The wildfire, believed to be human-caused, has been fueled by dry, windy conditions and high temperatures
Firefighters in Arizona worked through the night battling the Telegraph fire, a wildfire that started east of Phoenix on Friday and has burned more than 80,800 acres (33,000 hectares).
Officials said on Wednesday the fire was 21% contained, but straddled two counties, had forced thousands of evacuations in rural towns, and closed almost every major highway out of the area.
The fire – now the 10th largest in state history – is believed to be human-caused, but the flames have been fueled by dry, windy conditions and temperatures reaching into the 90s and 100s.
Arizona, like much of the American west, is facing severe drought conditions and the environment is so dry that new ignitions have even been sparked by fire crews fighting the fire.
“Even our own fire equipment is starting fires,” said Dean McAlister, a fire information officer, during his Tuesday night briefing. “The blades and the tracks of the [heavy equipment] sparking against the fuels have actually created some fires along the fire line.” He cautioned residents to avoid the area for safety reasons and to ensure additional vehicles would not accidentally add new flare-ups.
A Tuesday night report indicated that fire managers efforts were hampered by members of the public who entered closed areas and that an unauthorized vehicle got stuck at the fire line.
“Public incursions not only endanger firefighters, but detract from their primary mission: to suppress the fire,” officials said in the report. “Even with the efforts to protect all values at risk, fire managers confirmed that two residences and three outbuildings were destroyed by the fire.”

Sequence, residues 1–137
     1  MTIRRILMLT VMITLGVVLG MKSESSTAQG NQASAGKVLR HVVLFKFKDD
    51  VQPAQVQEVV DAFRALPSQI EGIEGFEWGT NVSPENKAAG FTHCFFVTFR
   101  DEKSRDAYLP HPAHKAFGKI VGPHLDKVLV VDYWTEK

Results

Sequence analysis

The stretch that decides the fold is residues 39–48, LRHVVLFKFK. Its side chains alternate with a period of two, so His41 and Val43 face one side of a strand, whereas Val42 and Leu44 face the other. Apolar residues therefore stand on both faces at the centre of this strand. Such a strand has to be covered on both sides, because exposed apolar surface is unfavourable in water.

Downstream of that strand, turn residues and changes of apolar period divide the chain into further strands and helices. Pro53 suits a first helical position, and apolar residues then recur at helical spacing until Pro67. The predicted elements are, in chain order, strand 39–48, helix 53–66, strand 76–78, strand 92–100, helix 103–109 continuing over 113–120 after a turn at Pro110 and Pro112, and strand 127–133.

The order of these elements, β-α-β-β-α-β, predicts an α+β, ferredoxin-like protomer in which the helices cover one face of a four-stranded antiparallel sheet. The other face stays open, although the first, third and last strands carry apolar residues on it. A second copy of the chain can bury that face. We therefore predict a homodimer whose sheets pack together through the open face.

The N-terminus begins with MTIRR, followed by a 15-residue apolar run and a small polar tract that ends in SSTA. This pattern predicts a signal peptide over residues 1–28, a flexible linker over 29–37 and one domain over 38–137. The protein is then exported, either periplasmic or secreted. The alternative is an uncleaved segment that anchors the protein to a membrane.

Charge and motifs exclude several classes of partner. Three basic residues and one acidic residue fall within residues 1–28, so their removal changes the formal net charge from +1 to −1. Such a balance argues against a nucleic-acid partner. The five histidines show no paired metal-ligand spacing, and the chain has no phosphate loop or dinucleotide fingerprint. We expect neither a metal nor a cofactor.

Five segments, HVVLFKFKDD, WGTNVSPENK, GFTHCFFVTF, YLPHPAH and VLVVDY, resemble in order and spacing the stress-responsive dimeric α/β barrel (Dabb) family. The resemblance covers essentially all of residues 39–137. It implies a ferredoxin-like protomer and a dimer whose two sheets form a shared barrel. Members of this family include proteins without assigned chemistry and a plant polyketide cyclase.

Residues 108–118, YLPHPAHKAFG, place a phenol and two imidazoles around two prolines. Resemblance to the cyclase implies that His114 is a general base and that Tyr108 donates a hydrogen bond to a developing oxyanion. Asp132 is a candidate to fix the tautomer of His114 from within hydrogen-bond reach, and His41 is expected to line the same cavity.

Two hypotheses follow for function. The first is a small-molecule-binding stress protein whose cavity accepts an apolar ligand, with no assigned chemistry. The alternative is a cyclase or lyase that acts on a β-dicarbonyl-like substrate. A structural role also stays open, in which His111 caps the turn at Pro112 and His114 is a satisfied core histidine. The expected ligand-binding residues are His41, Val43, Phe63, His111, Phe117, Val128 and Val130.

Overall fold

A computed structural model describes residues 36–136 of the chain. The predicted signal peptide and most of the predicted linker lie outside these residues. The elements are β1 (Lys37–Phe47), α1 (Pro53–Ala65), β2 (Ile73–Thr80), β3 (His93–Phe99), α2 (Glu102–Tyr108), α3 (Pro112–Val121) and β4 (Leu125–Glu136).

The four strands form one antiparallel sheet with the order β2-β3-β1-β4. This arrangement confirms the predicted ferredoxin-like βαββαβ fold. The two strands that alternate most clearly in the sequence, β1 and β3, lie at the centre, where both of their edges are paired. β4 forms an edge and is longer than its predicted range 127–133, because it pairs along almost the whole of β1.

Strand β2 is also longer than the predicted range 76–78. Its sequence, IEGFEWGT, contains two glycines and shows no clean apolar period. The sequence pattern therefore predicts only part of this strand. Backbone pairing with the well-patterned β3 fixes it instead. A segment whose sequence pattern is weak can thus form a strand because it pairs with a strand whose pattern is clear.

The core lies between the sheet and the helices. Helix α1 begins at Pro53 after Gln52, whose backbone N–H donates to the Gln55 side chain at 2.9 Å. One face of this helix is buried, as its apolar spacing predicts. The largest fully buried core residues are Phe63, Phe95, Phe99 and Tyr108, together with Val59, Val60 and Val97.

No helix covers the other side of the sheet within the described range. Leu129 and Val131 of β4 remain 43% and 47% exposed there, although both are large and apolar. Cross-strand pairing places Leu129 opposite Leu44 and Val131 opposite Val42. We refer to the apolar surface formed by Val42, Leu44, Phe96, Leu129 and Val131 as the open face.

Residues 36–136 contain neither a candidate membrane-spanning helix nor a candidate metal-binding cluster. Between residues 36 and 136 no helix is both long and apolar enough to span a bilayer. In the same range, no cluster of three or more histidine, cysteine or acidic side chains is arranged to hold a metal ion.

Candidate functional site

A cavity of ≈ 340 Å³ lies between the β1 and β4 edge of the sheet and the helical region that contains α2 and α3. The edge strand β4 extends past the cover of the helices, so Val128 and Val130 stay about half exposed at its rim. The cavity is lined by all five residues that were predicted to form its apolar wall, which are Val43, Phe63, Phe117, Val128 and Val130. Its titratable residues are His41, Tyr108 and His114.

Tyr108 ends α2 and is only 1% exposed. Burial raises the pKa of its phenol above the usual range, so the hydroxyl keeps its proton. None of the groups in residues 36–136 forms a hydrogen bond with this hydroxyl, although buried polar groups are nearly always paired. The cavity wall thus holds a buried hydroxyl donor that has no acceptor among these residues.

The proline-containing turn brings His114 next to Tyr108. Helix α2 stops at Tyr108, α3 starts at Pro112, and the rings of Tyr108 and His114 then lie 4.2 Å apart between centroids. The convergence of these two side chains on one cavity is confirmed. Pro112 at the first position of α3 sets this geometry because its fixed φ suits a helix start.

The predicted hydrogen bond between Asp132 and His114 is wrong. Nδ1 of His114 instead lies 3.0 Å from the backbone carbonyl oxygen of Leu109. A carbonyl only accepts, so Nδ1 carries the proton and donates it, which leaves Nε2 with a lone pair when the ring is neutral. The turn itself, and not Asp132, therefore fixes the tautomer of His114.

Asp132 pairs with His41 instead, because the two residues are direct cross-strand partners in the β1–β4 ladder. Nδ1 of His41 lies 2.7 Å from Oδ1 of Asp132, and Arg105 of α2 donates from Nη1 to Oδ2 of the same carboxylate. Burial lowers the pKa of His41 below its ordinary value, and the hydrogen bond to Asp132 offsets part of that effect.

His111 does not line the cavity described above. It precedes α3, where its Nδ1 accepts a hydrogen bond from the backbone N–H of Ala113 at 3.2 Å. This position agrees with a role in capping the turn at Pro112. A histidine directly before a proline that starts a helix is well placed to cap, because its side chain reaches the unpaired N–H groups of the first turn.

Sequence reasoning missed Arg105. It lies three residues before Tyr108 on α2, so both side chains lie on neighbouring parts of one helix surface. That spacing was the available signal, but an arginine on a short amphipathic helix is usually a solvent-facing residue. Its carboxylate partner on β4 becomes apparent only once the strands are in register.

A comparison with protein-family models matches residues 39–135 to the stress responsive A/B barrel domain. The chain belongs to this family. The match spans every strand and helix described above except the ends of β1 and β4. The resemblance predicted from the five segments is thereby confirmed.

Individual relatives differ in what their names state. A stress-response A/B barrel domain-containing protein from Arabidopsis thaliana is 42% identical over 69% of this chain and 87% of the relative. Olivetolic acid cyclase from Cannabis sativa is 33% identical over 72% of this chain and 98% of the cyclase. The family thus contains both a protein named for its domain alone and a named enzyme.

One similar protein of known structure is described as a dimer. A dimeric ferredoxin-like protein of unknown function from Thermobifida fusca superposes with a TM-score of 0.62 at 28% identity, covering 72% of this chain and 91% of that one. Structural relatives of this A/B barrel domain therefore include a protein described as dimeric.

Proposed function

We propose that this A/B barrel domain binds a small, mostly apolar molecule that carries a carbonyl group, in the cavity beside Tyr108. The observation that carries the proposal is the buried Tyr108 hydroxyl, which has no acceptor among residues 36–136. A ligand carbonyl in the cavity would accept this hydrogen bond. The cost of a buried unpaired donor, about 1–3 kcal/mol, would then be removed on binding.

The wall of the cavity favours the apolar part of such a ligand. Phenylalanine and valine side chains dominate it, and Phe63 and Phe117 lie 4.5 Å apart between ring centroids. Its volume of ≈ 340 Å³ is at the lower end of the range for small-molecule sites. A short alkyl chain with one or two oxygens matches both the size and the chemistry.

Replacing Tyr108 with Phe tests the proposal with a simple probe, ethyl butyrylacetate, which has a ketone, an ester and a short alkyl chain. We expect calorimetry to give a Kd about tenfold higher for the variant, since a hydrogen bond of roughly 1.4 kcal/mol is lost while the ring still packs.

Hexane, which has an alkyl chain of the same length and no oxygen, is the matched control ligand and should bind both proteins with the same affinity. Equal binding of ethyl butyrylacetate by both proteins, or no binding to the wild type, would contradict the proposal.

One of the five structures burned was a home owned by the Arizona house speaker Rusty Bowers, who toured the gutted property on Tuesday. The home was not his primary residence but a family retreat, said Andrew Wilder, a spokesman for house Republicans.
Despite the difficult conditions, McAlister said crews were beginning to feel optimistic about containing the fire. “Things are looking fairly good for the situation we’ve got, with the weather we’ve got,” McAlister said.
Meanwhile, thousands will remain under evacuation orders.
At least 2,500 homes in Gila county have been evacuated, said Carl Melford, the county emergency manager. He estimated that there are twice as many households who are in “set” mode with bags packed just in case.
“Over the past three years, we’ve had some pretty extreme fire seasons,” said Melford, who has bags at his front door. “We’ve become very familiar with the process, with what it takes to evacuate a community. But this is the largest evacuation to date.”
Becky Stephenson, 37, whose Globe home sits on a hill near US Highway 60, is feet away from a zone under “set” status. Still, she decided to have essentials, including her pet parrot, Buddy, and his travel cage, ready to go.
Watching flames climb trees on Monday night from her home as the fire made its way into the Pinal mountains and create an eerie orange glow was surreal, Stephenson said.
“Honestly, it just makes me feel like I can’t wait till they get it under control and I can go out and start helping them revegetate,” said Stephenson, who is a plant biologist. “It’s just really sad to think about all of the torched plants and all of animals that lost their habitat during breeding season.”
Meanwhile, Superior residents remain in “set” mode. But about 400 people in nearby Top-of-the-World have been evacuated, said Lauren Reimer, a Pinal county sheriff’s office spokeswoman.
Officials with the American Red Cross say 90 residents in total stayed at shelters in Globe and Mesa on Monday.
Several miles east of the wildfire, the smaller Mescal fire reached 33% containment on Wednesday. That fire has burned more than 70,000 acres (28,500 hectares), mostly desert brush, oak and grass. It was first reported 2 June south-east of Globe. The cause is still under investigation.